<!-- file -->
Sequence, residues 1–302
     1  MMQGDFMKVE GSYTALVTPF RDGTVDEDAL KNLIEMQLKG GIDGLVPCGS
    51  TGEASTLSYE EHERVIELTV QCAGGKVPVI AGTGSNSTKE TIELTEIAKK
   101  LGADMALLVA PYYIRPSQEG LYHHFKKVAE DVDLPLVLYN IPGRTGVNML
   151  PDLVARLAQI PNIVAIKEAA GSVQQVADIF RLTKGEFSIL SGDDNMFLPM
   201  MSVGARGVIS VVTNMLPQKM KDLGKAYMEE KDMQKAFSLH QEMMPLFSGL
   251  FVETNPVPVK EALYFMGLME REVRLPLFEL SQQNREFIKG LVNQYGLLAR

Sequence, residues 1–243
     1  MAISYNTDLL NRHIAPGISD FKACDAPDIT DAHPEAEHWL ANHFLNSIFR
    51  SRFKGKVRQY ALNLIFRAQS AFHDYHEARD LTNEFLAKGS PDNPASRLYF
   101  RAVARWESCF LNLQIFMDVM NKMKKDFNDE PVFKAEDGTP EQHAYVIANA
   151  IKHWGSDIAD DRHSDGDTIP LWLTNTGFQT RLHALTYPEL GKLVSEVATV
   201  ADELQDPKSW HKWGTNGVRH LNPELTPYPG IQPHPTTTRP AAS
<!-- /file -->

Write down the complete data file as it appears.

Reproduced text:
Sequence, residues 1–302
     1  MMQGDFMKVE GSYTALVTPF RDGTVDEDAL KNLIEMQLKG GIDGLVPCGS
    51  TGEASTLSYE EHERVIELTV QCAGGKVPVI AGTGSNSTKE TIELTEIAKK
   101  LGADMALLVA PYYIRPSQEG LYHHFKKVAE DVDLPLVLYN IPGRTGVNML
   151  PDLVARLAQI PNIVAIKEAA GSVQQVADIF RLTKGEFSIL SGDDNMFLPM
   201  MSVGARGVIS VVTNMLPQKM KDLGKAYMEE KDMQKAFSLH QEMMPLFSGL
   251  FVETNPVPVK EALYFMGLME REVRLPLFEL SQQNREFIKG LVNQYGLLAR

Sequence, residues 1–243
     1  MAISYNTDLL NRHIAPGISD FKACDAPDIT DAHPEAEHWL ANHFLNSIFR
    51  SRFKGKVRQY ALNLIFRAQS AFHDYHEARD LTNEFLAKGS PDNPASRLYF
   101  RAVARWESCF LNLQIFMDVM NKMKKDFNDE PVFKAEDGTP EQHAYVIANA
   151  IKHWGSDIAD DRHSDGDTIP LWLTNTGFQT RLHALTYPEL GKLVSEVATV
   201  ADELQDPKSW HKWGTNGVRH LNPELTPYPG IQPHPTTTRP AAS